In my office I have a Pi with a HiFiBerry Digi+Pro. This is their top of the range offering, with TOSLink, RCA and optional BNC connections and support for 192kHz/24bit resolution. The board is well made and the sound quality is excellent. The Pi has to be able to talk to the network and configure the HATs. To this end versions of bespoke operating systems, developed solely as music playback systems are available from various companies and individuals. I use Volumio 2; I have found it to be stable, easy to install and use, and updates are frequent. Once installed and configured, your device becomes visible to the network as a DLNA point. There are many options to control and playback music. With Volumio 2 you can access the interface with a mobile or desktop app. I prefer to use BubbleUPnP as a remote control on all of my mobile devices. In the office I have an Amazon Fire 7, which acts solely as a remote for my music. The cost of my office setup came to just £120. This includes:
- Raspberry Pi 3 £32
- HiFiBerry Digi+ Pro £33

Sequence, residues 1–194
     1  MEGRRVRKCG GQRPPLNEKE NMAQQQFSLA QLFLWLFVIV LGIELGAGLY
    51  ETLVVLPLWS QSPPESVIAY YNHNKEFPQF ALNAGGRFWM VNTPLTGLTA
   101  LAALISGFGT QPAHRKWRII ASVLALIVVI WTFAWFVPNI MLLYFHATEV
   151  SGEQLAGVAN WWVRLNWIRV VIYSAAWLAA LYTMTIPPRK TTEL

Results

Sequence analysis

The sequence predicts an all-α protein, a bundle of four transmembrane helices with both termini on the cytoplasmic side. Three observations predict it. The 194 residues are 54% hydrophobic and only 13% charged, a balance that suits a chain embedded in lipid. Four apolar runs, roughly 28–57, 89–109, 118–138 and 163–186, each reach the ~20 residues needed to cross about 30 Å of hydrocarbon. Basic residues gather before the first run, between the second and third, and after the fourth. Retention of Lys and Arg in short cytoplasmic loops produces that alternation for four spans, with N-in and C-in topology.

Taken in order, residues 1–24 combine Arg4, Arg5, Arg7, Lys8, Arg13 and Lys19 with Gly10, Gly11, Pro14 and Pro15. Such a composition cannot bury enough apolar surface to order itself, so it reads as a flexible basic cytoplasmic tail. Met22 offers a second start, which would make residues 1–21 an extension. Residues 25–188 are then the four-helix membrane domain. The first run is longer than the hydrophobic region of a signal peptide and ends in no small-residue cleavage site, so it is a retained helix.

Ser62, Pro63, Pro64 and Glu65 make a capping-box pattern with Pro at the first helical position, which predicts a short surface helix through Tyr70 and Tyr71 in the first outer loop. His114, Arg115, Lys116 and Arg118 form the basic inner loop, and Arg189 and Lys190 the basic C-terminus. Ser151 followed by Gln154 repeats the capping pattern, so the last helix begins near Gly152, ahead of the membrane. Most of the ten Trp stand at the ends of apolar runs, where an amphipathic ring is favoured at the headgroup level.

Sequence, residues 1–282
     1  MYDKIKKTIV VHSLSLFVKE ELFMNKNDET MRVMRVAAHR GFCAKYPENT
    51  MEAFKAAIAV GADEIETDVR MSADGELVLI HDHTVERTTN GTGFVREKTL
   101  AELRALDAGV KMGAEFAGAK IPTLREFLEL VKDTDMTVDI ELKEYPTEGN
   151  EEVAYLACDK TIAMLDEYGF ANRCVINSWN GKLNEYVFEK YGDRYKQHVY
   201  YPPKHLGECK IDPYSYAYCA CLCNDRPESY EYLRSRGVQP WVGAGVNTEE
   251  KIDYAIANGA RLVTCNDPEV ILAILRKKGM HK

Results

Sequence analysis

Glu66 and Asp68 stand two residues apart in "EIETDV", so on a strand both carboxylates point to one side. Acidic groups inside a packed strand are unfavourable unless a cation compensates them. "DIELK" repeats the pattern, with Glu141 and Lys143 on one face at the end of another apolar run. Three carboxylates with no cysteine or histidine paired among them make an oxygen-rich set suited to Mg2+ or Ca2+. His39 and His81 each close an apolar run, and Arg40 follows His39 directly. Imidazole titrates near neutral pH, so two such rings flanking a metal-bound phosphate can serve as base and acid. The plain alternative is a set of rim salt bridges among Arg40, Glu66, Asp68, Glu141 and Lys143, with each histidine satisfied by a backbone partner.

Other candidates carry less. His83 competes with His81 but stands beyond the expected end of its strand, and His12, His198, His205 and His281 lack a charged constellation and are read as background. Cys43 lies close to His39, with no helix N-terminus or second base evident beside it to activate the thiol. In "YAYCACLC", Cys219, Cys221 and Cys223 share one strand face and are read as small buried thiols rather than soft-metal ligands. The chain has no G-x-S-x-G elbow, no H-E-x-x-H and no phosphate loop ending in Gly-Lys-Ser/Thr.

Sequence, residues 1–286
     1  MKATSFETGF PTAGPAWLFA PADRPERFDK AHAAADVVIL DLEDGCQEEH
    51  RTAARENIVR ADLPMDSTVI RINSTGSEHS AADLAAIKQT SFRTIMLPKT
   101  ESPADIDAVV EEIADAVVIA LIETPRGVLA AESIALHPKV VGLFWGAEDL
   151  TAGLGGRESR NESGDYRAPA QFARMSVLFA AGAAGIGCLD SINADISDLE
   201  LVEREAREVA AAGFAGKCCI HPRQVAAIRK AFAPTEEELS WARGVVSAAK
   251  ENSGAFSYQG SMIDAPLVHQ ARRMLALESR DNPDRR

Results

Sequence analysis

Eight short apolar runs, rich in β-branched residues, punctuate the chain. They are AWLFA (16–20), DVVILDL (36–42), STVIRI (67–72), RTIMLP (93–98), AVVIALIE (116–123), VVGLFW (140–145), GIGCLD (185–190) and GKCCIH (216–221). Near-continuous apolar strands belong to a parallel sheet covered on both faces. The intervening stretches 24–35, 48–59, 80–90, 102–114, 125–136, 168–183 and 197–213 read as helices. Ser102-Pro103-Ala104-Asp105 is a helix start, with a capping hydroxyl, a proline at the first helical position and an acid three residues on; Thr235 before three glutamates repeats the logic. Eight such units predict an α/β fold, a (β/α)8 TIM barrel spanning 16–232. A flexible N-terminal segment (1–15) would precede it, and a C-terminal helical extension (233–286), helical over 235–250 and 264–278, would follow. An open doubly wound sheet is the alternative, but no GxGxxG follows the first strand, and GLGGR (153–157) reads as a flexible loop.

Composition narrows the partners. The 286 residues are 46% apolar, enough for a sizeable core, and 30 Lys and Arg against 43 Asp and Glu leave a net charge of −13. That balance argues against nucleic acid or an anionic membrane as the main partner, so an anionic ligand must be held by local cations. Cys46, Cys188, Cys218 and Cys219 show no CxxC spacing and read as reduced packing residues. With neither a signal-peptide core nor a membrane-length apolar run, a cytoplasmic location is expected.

- Metal case £20 (you can get plastic cases for £10)
- Amazon Fire 7 £35 in a sale (optional, you can just use your existing phone or tablet)
- Stand for Fire £4
- Volumio 2 £ Free
- Total = £124
Remember, this does not include any way of actually listening to the music, it is purely a way of transporting a digital audio signal from one device to another. In my office, the Pi is connected by the S/PDIF connection to a Schiit Modi 2 Uber DAC, which in turn is connected to a Cambridge Audio A1 amplifier. I also have a Schiit Magni 3 headphone amp in the chain as the amplifier does not have headphone output. Speakers are Wharfedale Diamond 10.1 and headphones are Sennheiser HD600s. I’m extremely happy with this setup, a combination of quality and affordable parts with a very pleasing sound for a garden office.
In my living room I have the same type of streamer, a Pi with a HAT, but this time I went with a IQ Audio Pi-Digi+. Again, this seems to be very well made and allows up to 24-bit/192kHz playback. The cases are perspex and very nicely finished. This Pi connects to a Teac UD-501 DAC which in turn feeds a Marantz PM6005 amplifier and Monitor Audio Bronze BX5 speakers, Sennheiser HD650s or HD569s. As for sound quality, I cannot tell the difference between a CD played through my Marantz CD6005 or a streamed FLAC rip of the same CD through the IQ Audio Pi-Digi+. The cost of this device is on a par with the HiFi Berry at around £30 for the HAT and £13 or so for the case.
The transport of digital signals through these types of devices has been objectively tested and found to be very accurate and this does indeed seem to be my subjective experience. I highly recommend a device such as these; you really don’t need to pay for an expensive streamer unless you want the aesthetics that go with such purchases.